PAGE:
Crude oil steadies near $100 after plunging on recession concerns

CUE API | Updated on: Jul 06, 2022

FILE PHOTO: Sticker reads crude oil on the side of a storage tank in the Permian Basin in Mentone, Loving County, Texas, U.S. November 22, 2019. REUTERS/Angus Mordant//File Photo | Photo Credit: ANGUS MORDANT

Crude oil steadied near $100 a barrel as banks including Goldman Sachs Group Inc. said a plunge driven by fears that a recession will hurt demand was overdone, and the outlook for energy consumption in China improved.

West Texas Intermediate edged higher in Asia after collapsing by 8% to the lowest close since late April as mounting angst about a slowdown spurred a sell-off in commodities including crude. Goldman Sachs said global consumption was running ahead of supply, and inventories were nearing critically low levels, although Citigroup Inc. warned prices could fall below $70 a barrel.

Slowdown worries

Crude oil has opened the third quarter on a volatile footing as concerns about a potential recession rattled financial markets. With central banks including the Federal Reserve jacking up interest rates to tame inflation, investors have been pricing in the consequences of a slowdown even as physical crude markets continue to show signs of vigor and the war in Ukraine drags on.

“While the odds of a recession are indeed rising, it is premature for the oil market to be succumbing to such concerns,” Goldman Sachs analysts including Damien Courvalin said in a note. “The global economy is still growing, with the rise in oil demand this year set to significantly outperform GDP growth.”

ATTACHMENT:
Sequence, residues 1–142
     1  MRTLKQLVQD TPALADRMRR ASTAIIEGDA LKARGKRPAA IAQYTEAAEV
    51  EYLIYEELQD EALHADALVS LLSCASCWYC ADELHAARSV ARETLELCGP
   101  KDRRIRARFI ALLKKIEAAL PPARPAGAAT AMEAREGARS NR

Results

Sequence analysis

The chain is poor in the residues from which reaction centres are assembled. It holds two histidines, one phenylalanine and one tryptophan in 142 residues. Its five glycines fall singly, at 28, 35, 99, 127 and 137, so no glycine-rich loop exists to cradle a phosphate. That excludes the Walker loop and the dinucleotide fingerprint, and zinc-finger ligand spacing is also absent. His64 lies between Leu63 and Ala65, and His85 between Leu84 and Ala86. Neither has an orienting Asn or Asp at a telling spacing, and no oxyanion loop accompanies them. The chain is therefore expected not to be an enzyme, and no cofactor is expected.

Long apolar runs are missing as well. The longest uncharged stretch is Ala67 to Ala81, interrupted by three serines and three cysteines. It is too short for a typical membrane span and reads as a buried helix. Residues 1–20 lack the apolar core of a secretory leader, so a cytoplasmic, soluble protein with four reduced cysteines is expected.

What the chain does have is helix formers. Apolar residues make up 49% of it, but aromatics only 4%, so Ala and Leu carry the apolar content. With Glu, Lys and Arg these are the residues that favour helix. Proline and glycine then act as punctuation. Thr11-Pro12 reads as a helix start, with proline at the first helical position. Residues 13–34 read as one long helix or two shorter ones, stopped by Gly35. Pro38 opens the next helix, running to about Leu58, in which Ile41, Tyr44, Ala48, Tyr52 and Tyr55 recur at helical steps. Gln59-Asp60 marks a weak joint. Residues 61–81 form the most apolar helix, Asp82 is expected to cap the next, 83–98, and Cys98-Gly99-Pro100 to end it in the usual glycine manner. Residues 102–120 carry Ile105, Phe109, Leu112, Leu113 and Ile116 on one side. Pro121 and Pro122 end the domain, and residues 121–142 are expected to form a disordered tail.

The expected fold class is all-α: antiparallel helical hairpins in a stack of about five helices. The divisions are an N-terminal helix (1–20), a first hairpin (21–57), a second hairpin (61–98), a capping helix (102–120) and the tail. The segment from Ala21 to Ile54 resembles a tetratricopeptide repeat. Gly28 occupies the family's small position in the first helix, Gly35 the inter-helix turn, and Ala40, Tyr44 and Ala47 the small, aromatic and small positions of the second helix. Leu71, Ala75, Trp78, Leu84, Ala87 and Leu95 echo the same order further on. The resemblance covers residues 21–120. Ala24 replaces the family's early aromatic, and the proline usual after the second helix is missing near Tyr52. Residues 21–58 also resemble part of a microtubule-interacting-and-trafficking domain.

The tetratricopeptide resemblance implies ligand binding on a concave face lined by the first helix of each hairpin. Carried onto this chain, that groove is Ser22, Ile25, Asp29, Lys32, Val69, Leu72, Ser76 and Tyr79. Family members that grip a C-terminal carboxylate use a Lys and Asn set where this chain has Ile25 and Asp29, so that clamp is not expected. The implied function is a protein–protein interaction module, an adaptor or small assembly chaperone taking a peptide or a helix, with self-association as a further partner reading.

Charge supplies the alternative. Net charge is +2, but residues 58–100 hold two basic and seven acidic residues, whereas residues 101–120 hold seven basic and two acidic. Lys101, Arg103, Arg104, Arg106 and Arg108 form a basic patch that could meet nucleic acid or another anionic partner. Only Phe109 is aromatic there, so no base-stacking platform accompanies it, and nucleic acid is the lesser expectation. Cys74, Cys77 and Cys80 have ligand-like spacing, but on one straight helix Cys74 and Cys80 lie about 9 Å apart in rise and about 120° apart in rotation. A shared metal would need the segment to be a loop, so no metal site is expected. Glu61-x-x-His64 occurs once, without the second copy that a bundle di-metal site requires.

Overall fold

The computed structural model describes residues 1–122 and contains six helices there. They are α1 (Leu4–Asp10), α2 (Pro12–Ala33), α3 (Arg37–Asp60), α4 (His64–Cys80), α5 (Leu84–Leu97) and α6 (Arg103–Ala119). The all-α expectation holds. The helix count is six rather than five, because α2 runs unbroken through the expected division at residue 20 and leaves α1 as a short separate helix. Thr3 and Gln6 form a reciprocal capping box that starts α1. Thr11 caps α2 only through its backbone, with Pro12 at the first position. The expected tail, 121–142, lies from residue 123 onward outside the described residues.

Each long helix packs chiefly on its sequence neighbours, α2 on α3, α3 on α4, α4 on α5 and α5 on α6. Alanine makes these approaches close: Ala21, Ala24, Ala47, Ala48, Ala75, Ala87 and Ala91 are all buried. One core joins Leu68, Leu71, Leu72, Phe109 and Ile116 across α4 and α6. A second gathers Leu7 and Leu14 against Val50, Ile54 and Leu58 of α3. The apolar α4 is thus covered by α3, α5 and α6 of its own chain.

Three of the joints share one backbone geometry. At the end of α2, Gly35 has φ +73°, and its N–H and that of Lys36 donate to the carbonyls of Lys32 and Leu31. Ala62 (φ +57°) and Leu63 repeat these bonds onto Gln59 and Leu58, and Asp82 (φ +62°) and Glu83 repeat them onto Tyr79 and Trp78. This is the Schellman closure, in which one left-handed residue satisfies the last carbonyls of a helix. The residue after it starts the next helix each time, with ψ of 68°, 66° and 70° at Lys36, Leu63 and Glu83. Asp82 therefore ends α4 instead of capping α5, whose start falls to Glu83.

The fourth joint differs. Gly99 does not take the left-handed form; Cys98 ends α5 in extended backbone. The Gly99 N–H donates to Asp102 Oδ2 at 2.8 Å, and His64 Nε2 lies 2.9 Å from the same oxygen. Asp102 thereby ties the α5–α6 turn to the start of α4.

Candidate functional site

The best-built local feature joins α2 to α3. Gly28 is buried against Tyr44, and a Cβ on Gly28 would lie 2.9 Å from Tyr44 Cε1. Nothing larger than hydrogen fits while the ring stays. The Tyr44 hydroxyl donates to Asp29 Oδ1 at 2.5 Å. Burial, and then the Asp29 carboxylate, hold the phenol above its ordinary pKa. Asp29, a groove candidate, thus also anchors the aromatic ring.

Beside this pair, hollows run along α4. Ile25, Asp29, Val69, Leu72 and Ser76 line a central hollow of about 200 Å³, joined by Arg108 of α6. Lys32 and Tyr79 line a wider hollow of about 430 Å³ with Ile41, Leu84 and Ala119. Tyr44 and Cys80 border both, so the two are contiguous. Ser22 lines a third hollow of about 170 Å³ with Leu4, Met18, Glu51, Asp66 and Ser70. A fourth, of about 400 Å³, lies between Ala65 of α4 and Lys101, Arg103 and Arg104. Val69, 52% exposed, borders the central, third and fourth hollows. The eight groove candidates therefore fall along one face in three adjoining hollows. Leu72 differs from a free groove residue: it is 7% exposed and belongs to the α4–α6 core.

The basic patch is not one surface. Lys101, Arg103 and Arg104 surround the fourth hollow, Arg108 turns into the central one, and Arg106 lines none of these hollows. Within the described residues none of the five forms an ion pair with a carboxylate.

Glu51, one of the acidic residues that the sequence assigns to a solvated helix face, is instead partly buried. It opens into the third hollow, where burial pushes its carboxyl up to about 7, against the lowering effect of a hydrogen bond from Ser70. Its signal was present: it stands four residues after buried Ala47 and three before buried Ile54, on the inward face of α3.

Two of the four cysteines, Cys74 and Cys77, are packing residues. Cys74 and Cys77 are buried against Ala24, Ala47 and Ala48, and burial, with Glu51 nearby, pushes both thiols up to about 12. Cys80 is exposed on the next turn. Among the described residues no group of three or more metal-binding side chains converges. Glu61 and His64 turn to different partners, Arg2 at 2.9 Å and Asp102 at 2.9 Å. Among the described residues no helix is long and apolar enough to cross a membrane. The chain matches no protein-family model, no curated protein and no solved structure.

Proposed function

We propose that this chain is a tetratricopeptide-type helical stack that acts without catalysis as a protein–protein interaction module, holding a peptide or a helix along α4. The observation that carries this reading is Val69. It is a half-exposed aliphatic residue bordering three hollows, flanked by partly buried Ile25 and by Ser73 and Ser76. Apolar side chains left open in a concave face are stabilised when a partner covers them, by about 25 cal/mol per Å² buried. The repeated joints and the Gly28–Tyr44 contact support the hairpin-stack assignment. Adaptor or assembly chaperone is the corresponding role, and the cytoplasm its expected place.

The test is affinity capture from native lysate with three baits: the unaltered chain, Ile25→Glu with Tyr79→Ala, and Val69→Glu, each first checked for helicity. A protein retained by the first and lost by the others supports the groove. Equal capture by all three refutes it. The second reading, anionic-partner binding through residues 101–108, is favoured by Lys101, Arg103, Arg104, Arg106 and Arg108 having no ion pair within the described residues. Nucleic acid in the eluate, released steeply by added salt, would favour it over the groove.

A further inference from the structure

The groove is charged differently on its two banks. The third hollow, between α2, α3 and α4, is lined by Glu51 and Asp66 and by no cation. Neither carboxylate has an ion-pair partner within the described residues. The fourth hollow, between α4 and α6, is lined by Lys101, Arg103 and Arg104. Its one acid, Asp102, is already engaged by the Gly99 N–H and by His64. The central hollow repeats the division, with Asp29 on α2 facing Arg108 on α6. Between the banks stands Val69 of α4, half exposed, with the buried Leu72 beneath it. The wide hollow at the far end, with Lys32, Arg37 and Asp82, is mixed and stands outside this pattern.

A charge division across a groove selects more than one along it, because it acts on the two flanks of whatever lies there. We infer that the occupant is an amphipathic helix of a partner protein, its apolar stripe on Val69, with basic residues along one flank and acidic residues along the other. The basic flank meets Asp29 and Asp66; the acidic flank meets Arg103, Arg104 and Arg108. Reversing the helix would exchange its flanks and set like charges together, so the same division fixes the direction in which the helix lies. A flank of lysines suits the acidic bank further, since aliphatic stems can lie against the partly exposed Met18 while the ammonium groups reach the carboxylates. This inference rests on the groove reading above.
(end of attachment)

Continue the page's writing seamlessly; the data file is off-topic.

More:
In China, there are signs of rising consumption as the world’s biggest oil importer emerges from strict virus lockdowns that pummeled demand. Overall consumption of gasoline and diesel last month was at almost 90% of June 2019 levels, according to people with knowledge of the energy industry.

Crude had been supported in recent weeks by interruptions to supplies including in Libya, as well as declines in key US inventories. In addition, there’s been evidence producers in the Organization of Petroleum Exporting Countries and allies have been unable to deliver supply increases in full.

Oil markets remain steeply backwardated, a bullish pattern in which near-term prices command a premium to longer-dated ones. Brent’s prompt spread -- the difference between its two nearest futures contracts -- was $3.98 a barrel in backwardation, up from around $2.50 a barrel a month ago.

Published on July 06, 2022
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